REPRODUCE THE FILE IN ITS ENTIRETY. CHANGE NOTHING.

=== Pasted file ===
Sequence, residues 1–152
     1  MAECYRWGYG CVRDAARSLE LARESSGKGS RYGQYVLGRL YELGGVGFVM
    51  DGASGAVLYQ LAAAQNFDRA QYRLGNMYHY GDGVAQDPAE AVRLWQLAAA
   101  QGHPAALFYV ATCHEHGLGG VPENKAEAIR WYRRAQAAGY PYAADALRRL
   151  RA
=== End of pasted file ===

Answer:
Sequence, residues 1–152
     1  MAECYRWGYG CVRDAARSLE LARESSGKGS RYGQYVLGRL YELGGVGFVM
    51  DGASGAVLYQ LAAAQNFDRA QYRLGNMYHY GDGVAQDPAE AVRLWQLAAA
   101  QGHPAALFYV ATCHEHGLGG VPENKAEAIR WYRRAQAAGY PYAADALRRL
   151  RA